In 2016, District 4, represented by Democrat Peter DeFazio since 1987, featured the narrowest presidential margin in the nation between Republican Donald Trump and Democrat Hillary Clinton, with Clinton prevailing by only 554 votes. And the count was only a little less close in 2020.

District 5 also features a relatively even balance. So small changes in the contours of either district could cause a flip, particularly if one of the incumbents were to retire.

The carving-out of a new District 6 complicates all of this.

After all, Oregon is a decisively but not overwhelmingly blue state. In the 2020 presidential contest, Democrat Joe Biden carried just 56.4% of the vote. Democratic contenders have consistently carried Oregon since 1988, but none of the winners have ever reached the 57% mark.

If Oregon has six congressional districts, how many might Republicans, all other things equal, expect to win? Probably two, which would mean a net one-seat gain for Republicans in the U.S. House.

Randy Stapilus is a former newspaper reporter and editor who has turned to writing and publishing books from a home base in Carlton. He has devoted his career to covering policies and government in Oregon and Washington and Idaho. In addition to producing books for himself and others through Ridenbaugh Press, he maintains a blog at www.ridenbaugh.com featuring political commentary. He can be reached at stapilus@ridenbaugh.com.

Again, though, things aren’t so clear-cut.

Much of the population growth has been in the Portland metro area, and it could be divided in a number of ways. Maps could be drawn, for example, to give Democrats smaller advantages in more districts. That could realistically serve to make the new district go Democrat or Republican, depending on the accuracy of the voting analyses and determination of the parties.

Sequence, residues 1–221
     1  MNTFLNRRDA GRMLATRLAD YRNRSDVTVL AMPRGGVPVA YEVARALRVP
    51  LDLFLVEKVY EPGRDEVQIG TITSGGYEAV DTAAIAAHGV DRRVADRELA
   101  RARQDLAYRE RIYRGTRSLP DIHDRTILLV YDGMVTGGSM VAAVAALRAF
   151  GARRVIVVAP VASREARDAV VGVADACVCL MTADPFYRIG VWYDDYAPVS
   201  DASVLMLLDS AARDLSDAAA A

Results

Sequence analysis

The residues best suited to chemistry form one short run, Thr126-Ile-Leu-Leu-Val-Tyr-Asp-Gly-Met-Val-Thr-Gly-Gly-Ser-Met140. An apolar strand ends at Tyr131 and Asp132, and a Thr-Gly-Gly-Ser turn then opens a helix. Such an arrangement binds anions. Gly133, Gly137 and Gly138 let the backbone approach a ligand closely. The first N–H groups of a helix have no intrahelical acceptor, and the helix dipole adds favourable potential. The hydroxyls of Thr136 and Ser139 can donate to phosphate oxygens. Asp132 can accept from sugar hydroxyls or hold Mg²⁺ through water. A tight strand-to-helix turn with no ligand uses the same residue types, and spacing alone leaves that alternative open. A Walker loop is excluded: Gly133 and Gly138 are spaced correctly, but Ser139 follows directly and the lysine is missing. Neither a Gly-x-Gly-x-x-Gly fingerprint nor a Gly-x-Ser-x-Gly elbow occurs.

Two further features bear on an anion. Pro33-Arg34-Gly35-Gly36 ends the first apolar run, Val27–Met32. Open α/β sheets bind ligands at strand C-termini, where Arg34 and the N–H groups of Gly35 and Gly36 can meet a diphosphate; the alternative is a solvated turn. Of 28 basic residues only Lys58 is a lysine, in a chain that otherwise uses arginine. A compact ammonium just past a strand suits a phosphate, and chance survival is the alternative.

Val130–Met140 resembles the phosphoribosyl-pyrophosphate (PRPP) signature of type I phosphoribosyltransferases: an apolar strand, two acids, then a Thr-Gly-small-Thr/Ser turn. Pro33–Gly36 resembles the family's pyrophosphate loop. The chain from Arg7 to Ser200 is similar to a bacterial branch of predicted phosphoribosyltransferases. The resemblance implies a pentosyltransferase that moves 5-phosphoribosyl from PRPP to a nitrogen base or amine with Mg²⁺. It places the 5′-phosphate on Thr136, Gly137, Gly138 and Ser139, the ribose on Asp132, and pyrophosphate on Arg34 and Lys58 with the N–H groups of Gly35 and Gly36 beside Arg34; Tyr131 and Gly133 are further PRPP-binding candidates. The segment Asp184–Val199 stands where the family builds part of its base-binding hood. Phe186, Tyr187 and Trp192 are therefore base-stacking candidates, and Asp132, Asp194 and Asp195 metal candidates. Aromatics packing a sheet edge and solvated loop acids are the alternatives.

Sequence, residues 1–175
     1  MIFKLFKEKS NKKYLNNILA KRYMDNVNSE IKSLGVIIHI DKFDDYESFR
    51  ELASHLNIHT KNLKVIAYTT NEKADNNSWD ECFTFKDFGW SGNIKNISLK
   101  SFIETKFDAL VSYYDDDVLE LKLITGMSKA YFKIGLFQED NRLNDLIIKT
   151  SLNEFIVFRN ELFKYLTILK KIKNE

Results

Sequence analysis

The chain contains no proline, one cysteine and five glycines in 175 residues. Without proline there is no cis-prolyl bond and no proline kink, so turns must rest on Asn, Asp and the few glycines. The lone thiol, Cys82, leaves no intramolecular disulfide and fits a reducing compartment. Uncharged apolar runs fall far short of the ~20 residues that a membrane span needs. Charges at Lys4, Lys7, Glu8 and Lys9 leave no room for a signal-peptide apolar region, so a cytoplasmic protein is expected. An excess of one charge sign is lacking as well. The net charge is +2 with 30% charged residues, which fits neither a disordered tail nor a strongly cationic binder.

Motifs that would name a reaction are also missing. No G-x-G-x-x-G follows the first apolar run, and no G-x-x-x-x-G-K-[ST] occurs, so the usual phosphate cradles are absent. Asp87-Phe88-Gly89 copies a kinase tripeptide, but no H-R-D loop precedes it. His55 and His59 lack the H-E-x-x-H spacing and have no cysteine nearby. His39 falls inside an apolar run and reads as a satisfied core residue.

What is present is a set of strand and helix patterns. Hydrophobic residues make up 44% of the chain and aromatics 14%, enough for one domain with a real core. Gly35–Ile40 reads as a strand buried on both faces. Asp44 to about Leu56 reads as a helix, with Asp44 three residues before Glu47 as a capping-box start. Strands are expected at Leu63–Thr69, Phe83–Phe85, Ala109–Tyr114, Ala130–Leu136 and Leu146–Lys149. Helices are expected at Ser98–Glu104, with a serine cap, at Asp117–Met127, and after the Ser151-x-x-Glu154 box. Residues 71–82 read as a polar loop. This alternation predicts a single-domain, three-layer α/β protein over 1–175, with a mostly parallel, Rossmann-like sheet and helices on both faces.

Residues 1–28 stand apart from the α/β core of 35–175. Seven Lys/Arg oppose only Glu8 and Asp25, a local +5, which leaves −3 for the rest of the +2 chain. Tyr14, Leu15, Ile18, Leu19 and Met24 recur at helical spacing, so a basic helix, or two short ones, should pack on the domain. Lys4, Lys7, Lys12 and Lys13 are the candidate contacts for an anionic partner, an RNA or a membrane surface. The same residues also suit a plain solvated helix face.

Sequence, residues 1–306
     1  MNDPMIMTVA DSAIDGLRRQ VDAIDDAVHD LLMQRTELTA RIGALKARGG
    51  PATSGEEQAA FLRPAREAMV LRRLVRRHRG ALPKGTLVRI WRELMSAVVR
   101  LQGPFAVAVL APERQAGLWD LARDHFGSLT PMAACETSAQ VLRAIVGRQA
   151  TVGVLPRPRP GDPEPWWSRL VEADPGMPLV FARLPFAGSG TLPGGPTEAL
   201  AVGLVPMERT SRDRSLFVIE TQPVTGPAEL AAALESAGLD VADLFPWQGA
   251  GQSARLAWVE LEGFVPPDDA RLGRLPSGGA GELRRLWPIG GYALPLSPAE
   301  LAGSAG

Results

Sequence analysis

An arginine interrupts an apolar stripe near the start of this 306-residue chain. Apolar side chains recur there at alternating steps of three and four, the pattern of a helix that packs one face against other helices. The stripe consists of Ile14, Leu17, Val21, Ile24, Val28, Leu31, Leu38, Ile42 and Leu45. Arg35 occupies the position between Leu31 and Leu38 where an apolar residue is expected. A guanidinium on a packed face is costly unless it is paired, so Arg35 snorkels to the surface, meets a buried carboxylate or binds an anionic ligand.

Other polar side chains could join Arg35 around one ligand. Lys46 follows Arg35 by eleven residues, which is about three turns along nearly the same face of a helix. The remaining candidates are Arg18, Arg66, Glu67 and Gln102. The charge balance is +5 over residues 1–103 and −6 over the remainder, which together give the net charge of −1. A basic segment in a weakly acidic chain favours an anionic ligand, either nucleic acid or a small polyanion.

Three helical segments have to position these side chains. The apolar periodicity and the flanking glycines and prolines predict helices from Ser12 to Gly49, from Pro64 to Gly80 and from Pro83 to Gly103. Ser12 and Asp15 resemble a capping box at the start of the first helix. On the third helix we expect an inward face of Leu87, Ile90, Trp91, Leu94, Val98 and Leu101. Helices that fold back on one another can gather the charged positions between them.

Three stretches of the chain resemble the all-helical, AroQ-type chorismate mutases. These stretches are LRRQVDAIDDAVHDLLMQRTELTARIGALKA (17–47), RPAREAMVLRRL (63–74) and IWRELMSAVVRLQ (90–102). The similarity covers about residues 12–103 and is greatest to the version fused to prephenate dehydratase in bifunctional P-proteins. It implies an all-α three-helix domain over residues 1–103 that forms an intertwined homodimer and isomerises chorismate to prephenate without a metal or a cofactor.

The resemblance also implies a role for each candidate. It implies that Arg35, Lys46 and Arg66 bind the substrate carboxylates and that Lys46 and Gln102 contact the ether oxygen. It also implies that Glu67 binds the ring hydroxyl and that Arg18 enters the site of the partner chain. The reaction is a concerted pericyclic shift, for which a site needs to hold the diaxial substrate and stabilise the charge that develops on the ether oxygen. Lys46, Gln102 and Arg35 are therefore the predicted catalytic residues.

In some states, including neighboring Washington and Idaho, the remapping process is carried out by bipartisan commissions. But in Oregon, the job remains in the hands of the Legislature, which currently lies in the control of the Democratic Party.

When redistricting was done in 2011, control of the legislature was split. Democrats controlled the Senate and Republicans and Democrats shared control in the House. The result was a measure of compromise and little change in boundaries.

This year, the process will probably be running late, because the final census returns are delayed. Democrats control the governorship, the Secretary of State’s Office and the Legislature, which could mean a strongly Democratic map gets pushed through on a tight timeframe. And that could give Democrats five of the state’s six House districts.

You can find similar results in a number of other states around the country, though mostly in cases benefiting Republicans. Wisconsin, Pennsylvania and North Carolina are prime examples.

In Oregon, Republicans don’t have the numbers in the strongly Democratic Legislature to pass their own remapping plan. However, they may, at least for a time, be able to slow the process with a tactic they’ve used in recent years on other issues — stage a walkout to deny one or both chambers a quorum.

There are some drawbacks with that strategy.

First, it probably won’t work forever: They can’t simply go into hiding for months or years on end.

Second, and more telling, should the Legislature fail to pass its own congressional redistricting plan, the job would pass to the courts. And th courts would be unlikely to toss the prevailing plan unless a significant legal problem arose.

Republicans might also consider another piece of Democratic leverage: If the Legislature should fail to adopt a congressional redistricting map, the other part of its assigned reapportionment work, that the job goes to the secretary of state — Democrat Shemia Fagan. And she would have wide latitude.

Democrats in the Legislature could also threaten to throw legislative districting to her if Republicans won’t cooperate on congressional redistricting. But legislative redistricting is a whole other story — and one that’s equally complicated.

Randy Stapilus is a former newspaper reporter and editor who has turned to writing and publishing books from a home base in Carlton. He has devoted his career to covering policies and government in Oregon and Washington and Idaho. In addition to producing books for himself and others through Ridenbaugh Press, he maintains a blog at www.ridenbaugh.com featuring political commentary. He can be reached at stapilus@ridenbaugh.com.